Summary of Expenditures

In 2018-2019, the Minister of National Defence approved a budget of $7,372,006 for the Office of the Ombudsman. Actual expenditures totalled $6,475,323 of which $5,396,553 was related to salaries.

The difference between the approved budget and actual expenditures represents final spending as provided in the Public Accounts of Canada. Money that remained unspent was returned throughout the year. 


Mail and courier services 1,815
Supplies/furniture 45,440
Training and professional dues 135,731
Acquisition/rental of office equipment 7,948
Network maintenance and support 68,183
Telecommunications and IT connections 116,847
Travel and transportation 72,330
Communications and public outreach 94,669
Professional and special services 535,807
Salaries 5,396,553
Total 6,475,323


Our Successes Are Your Successes

Reservist’s medical release delay solved

A Reserve Force member on a Class C contract contacted our office concerned about a delay in their medical release process.

The member was on a Permanent Medical Category with Medical Employment Limitations assessed as a high risk to breach Universality of Service. The Director of Military Careers Administration was reviewing the member’s file but there was a hold on the processing of certain files due to a review of Universality of Service criteria. This meant the member could receive no news about the release.

With the end of the Class C contract looming, the member was anxious to receive the medical release as quickly as possible. There was a risk of financial hardship if the release was not processed before the contract ended. The member submitted a waiver for disclosure, but heard nothing.

Reserve Force members who are ill or injured face unique challenges when medically releasing due to the nature of Reserve Force employment and the associated pay and compensation implications.

An ombudsman investigator spoke with the Director of Military Careers Administration to pursue the waiver submission as well as the possibility that the Director of Military Careers Administration could grant an exception given the Reserve member’s financial situation.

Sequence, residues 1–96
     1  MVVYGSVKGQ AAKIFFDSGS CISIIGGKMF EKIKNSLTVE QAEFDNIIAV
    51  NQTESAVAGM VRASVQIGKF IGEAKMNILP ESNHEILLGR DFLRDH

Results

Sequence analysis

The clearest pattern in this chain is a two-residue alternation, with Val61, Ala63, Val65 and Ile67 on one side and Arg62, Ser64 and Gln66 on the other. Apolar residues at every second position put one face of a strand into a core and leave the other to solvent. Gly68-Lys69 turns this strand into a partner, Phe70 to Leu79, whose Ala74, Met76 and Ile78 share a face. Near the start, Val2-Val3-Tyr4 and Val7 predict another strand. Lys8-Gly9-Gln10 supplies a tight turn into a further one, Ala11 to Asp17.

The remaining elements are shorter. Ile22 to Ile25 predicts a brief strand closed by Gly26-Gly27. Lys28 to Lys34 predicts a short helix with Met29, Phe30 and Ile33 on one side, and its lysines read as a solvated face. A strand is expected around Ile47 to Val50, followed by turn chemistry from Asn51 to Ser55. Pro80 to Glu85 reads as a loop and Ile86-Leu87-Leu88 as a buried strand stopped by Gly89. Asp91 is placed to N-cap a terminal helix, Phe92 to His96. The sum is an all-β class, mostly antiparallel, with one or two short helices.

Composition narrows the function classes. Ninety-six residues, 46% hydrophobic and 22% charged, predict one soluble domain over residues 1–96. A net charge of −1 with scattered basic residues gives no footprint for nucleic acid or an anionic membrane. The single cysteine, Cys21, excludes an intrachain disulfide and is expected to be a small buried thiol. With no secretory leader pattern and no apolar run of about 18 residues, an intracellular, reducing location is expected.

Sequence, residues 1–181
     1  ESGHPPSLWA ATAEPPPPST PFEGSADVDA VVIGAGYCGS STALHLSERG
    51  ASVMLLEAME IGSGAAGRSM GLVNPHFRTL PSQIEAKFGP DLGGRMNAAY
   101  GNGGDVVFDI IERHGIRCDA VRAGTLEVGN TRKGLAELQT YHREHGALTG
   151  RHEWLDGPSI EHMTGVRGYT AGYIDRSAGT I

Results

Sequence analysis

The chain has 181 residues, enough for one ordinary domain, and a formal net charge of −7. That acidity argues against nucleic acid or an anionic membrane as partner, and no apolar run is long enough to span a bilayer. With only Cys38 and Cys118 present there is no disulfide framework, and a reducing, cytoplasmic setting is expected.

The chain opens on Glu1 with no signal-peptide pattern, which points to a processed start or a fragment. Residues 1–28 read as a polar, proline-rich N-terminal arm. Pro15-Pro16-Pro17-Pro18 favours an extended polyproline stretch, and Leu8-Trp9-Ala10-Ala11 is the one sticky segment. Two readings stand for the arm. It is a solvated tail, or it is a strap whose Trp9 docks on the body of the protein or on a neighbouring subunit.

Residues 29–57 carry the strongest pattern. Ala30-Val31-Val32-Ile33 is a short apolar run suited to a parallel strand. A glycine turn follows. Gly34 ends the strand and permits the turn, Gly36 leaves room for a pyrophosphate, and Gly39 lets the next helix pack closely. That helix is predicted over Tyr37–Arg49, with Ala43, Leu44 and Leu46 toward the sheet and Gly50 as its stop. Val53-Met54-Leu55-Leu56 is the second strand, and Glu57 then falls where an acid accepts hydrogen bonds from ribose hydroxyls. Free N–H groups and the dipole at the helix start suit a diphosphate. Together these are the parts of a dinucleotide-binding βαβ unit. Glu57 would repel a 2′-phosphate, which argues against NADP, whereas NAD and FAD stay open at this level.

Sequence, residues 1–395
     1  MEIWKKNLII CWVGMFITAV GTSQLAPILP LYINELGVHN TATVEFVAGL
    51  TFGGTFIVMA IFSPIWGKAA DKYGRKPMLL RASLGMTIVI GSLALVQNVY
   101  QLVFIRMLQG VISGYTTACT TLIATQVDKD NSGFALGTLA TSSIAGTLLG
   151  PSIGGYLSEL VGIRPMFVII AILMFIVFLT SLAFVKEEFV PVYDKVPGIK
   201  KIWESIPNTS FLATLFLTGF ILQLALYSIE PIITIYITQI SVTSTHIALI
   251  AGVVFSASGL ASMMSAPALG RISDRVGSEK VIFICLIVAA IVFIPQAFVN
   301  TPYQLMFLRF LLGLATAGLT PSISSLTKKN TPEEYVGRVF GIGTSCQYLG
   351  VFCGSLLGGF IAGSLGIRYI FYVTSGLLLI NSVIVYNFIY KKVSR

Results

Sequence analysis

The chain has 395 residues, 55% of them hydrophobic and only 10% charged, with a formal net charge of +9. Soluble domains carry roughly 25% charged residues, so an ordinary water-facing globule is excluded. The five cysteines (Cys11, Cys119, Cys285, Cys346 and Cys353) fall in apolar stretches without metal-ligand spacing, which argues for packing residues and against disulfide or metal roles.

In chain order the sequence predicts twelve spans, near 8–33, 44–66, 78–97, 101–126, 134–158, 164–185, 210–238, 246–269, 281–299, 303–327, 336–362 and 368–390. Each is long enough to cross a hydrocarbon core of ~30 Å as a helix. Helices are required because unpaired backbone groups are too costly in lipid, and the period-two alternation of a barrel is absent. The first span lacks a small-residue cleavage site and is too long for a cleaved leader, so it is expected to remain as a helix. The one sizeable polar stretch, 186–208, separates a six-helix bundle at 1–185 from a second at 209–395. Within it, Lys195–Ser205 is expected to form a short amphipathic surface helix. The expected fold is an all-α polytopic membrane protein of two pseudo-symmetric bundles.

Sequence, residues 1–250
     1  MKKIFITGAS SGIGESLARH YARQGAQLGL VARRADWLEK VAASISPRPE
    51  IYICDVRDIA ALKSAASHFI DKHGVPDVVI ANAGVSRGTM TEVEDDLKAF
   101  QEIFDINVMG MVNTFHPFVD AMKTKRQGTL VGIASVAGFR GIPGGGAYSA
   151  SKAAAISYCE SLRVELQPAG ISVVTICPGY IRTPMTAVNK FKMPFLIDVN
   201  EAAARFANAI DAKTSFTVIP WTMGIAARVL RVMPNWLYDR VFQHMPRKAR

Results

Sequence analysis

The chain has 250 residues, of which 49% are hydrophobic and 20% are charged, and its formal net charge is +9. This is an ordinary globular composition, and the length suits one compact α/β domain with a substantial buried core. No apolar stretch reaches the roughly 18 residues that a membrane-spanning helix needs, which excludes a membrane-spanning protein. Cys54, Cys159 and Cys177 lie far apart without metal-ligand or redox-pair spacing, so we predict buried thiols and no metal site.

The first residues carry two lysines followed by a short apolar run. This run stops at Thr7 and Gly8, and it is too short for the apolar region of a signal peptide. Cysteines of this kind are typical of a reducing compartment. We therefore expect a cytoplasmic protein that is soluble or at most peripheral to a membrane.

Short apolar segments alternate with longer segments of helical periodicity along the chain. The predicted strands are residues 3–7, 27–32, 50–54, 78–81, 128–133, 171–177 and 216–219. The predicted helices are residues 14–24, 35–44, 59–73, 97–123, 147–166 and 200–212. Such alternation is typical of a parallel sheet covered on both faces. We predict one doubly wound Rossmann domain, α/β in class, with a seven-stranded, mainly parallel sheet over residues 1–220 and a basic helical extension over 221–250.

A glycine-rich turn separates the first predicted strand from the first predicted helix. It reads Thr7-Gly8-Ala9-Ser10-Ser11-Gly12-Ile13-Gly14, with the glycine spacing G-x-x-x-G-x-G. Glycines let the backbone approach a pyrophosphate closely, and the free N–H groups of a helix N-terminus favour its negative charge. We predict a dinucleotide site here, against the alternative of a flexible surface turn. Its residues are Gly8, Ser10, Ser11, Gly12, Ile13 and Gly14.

Following our intervention, Director of Military Careers Administration was able to make an exception and allow the member’s release.

The member informed our office the release message was received on the day the member’s contract expired.



CAF Applicant allowed to enrol despite tattoo

An applicant to the Canadian Armed Forces contacted our office after being refused admission into the Regular Force minutes before the swearing-in ceremony.

The applicant had several tattoos which the recruitment medical team documented during the recruitment process. After the final interview, the applicant obtained a new tattoo on the hand. A letter of offer followed.

At the swearing-in ceremony, the applicant was not allowed to complete the swearing-in. The explanation was that a new recruitment policy implemented two days after the applicant’s final interview did not allow for the new tattoo. A Canadian Armed Forces review upheld this decision, and four days following the ceremony, the applicant was informed there could be no appeal.

An ombudsman investigator contacted those involved in interviewing the applicant and was informed that the applicant hadn’t been told about the new recruitment policy, nor that any new tattoo designs had to be cleared by Canadian Forces Recruiting Group before obtaining them.

The investigator passed this information on to recruitment authorities. As a result, the applicant was allowed to enrol.




A civilian’s re-classification delay ended

Having reached the two-year point waiting for a job reclassification and feeling extremely frustrated, a civilian National Defence employee contacted our office for help.

Due to a unit reorganization and additional duties that were added to the employee’s job description, National Defence told the employee the position would be reclassified to a higher level. The employee and supervisors submitted the required reclassification paperwork, only to have it disappear. The paperwork was resubmitted but in the meantime, the Department expected the employee to train casual contractors they hired and paid at the higher level.

After six months of no news about the resubmitted reclassification paperwork, the employee requested our office’s assistance. An ombudsman investigator spent three months pursuing the delay with several National Defence civilian human resources representatives. Finally, the employee received word that the position had been reclassified, and that the Department would provide back pay just in time for Christmas. The employee was thankful for our help.